(Bronx, NY) - On Wednesday, November 29, bill S1222/A00807, sponsored by State Senator Gustavo Rivera and Assemblymember Nick Perry, was vetoed by Governor Andrew Cuomo. This bill would ensure critical access to blood allergy testing in addition to the already covered skin prick testing for Medicaid recipients seeking to determine an allergic condition.
While the veto message issued by Governor Cuomo raised a reasonable concern about the legislation's potential fiscal impact to our State's Medicaid program, it fails to recognize the benefits of implementing such policy. This bill would not only promote a clinically proven practice that could prevent thousands of New Yorkers from suffering from avoidable and life-threatening medical complications, but it could also prevent avoidable emergency room visits and the high costs that come along with it. For instance, according to a 2011 report by the Office of New York State Comptroller Thomas DiNapoli, New York State's asthma related hospitalizations, which are closely related to allergies, cost approximately $660 million. In addition, the veto message does not consider the impact this policy shift could have in helping reduce the health disparities that continue plaguing especially low income and minority communities across our State.
The two objections outlined in the Governor's veto message fail to take into consideration key factors. The veto message states that Medicaid already treats blood allergy tests and skin prick tests as equivalent confirmatory tests. While this is somewhat true, it does not acknowledge that the policy is extremely limited. Currently, it only covers children age 3 or under, patients who have a skin condition that would not be conducive to skin prick testing, or patients who cannot discontinue medications as a precursor to skin prick testing. Bill S1222 would have made both skin prick testing and blood allergy testing available to all Medicaid patients seeking to determine an allergic condition.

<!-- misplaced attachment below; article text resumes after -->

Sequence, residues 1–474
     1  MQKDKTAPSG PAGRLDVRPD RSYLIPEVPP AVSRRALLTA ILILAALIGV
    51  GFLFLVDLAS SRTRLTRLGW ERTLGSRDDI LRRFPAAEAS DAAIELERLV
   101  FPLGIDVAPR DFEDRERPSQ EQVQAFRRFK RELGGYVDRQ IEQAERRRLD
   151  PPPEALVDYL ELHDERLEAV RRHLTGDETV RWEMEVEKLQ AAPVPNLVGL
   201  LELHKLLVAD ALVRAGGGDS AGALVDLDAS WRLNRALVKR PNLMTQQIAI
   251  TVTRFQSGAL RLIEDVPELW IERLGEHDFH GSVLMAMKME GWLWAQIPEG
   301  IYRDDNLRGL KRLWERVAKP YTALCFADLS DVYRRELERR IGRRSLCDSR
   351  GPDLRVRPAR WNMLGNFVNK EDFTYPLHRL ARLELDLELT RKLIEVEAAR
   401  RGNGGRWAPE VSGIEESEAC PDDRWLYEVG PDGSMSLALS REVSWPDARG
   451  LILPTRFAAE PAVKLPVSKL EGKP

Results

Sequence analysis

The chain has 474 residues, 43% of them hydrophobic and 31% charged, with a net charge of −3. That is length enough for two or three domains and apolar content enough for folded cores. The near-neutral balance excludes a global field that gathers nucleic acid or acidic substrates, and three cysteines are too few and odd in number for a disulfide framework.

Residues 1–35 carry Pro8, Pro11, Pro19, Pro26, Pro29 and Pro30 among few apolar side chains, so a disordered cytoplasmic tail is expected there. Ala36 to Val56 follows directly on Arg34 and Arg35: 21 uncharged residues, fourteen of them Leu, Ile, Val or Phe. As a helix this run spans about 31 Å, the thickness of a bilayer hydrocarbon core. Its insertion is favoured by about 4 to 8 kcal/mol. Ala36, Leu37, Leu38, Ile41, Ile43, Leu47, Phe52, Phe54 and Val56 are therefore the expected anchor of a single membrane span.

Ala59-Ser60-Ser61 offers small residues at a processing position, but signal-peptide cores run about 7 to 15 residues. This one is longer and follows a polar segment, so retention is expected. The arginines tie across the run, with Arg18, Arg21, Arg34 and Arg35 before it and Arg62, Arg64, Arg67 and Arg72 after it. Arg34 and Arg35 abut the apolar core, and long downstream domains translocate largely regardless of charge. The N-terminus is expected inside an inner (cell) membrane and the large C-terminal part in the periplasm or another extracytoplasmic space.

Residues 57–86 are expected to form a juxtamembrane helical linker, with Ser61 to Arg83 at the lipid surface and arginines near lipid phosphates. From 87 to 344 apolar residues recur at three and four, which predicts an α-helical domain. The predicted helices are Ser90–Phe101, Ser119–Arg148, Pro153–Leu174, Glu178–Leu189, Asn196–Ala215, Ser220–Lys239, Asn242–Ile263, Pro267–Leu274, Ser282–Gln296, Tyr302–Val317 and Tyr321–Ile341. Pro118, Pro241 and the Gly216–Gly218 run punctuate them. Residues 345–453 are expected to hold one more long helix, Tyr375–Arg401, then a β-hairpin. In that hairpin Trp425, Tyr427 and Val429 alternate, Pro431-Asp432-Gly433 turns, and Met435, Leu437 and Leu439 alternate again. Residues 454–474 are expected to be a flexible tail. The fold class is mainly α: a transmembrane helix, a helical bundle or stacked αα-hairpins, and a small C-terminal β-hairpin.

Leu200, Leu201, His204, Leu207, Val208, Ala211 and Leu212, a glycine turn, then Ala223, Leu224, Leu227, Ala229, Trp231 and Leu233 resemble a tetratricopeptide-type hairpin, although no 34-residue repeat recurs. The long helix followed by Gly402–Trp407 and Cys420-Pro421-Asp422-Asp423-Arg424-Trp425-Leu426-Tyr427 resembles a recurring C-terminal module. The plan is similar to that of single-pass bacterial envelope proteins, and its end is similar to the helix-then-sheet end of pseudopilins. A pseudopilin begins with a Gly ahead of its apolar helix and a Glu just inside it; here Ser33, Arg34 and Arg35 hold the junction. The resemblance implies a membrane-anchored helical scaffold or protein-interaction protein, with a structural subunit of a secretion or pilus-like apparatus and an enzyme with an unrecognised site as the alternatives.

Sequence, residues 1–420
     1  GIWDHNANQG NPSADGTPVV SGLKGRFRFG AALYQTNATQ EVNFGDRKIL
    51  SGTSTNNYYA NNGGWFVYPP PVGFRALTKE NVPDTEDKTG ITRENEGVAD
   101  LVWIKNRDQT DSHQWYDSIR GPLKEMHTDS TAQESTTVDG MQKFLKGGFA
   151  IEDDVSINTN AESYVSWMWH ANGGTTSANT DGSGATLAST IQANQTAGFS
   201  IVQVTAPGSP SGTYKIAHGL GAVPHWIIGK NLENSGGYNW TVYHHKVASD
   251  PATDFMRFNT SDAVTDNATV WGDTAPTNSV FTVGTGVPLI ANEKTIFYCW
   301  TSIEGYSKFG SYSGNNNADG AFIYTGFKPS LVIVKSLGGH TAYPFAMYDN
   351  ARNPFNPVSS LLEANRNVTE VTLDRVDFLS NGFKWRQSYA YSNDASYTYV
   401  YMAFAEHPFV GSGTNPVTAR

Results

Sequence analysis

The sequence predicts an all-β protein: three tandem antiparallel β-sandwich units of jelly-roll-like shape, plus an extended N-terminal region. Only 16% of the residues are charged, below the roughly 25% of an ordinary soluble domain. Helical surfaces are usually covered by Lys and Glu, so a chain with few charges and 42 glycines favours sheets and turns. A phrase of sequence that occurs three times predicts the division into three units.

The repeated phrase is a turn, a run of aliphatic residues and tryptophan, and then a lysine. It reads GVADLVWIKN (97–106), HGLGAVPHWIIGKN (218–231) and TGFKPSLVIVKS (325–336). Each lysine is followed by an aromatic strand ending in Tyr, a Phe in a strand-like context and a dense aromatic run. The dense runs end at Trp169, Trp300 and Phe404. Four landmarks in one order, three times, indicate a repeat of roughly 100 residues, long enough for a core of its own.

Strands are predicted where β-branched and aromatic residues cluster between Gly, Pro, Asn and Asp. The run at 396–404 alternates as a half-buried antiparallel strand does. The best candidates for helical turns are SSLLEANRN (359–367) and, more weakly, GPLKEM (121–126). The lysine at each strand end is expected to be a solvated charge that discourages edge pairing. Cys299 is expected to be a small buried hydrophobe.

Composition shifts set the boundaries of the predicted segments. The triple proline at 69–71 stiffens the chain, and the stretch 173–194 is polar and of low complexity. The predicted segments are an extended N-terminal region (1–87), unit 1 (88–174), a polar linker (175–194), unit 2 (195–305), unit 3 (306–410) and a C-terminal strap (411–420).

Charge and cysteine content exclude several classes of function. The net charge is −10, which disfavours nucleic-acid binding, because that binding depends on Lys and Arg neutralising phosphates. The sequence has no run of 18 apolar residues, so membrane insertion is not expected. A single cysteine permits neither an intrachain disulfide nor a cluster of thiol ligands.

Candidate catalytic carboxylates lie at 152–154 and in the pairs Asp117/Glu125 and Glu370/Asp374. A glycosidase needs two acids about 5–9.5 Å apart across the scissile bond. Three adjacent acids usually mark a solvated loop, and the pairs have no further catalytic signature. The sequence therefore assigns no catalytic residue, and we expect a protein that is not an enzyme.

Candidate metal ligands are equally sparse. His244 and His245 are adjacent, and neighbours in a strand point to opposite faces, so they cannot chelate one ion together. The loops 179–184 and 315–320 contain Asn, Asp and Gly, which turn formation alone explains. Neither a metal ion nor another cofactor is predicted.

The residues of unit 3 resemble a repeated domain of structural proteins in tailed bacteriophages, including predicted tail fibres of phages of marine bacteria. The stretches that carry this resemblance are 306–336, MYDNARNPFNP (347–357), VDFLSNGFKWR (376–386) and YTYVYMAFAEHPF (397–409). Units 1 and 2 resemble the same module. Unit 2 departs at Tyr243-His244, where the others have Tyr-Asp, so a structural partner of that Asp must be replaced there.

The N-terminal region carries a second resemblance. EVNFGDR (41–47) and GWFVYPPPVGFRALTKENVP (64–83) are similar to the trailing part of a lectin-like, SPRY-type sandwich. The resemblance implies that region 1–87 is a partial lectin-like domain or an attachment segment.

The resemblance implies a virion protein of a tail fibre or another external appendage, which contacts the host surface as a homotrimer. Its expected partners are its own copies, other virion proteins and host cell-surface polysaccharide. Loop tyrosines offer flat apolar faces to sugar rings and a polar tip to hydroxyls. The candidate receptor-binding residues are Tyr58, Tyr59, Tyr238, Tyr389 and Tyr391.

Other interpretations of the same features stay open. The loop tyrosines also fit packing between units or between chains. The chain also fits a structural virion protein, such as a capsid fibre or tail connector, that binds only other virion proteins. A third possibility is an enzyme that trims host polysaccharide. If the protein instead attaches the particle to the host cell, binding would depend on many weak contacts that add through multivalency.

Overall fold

The veto message also argues that the bill could have the unintended consequence of reducing the number of patients obtaining accurate diagnoses by allergy specialists. The reality is that there are only a few hundred allergy specialists across the State, including approximately 243 in New York City, 15 in Buffalo and 11 in Albany. Scheduling an appointment can take up to six months for Medicaid patients, and require extensive travel. Covering blood-based allergy testing under Medicaid would allow primary care doctors to directly order the test, determine an appropriate course of treatment, and help prevent unnecessary medical complications. A primary care doctor would still be able to refer a patient to an allergy specialist if they deemed it medically necessary.
As the first line of care for most patients, primary care physicians could directly administer a blood-based allergy test if it were to be covered under Medicaid. This critical shift in Medicaid policy could potentially help reduce the number of asthma and allergy related hospitalizations, which are already higher among patients with Medicaid coverage. In addition, this bill would have aligned the New York State Medicaid program's allergy testing policy with the asthma and food allergy guidelines set by National Institute of Health as well as with the procedures already implement by private health care insurance providers.
"As the Ranking Member of the New York State Senate Health Committee and the sponsor of S1222, I am deeply disappointed that this bill was vetoed. This common sense policy could have ensured that Medicaid patients across New York State have greater and easier access to different options of allergy testing, allowing them to identify and treat their allergies faster and more accurately. This measure would have saved New York State significant costs in emergency care, help reduce health disparities, and improved our health care system. I am committed to continue working with Assemblymember Perry and Governor Cuomo's office to address the lack of access to comprehensive allergy testing in New York State's Medicaid program," said State Senator Gustavo Rivera.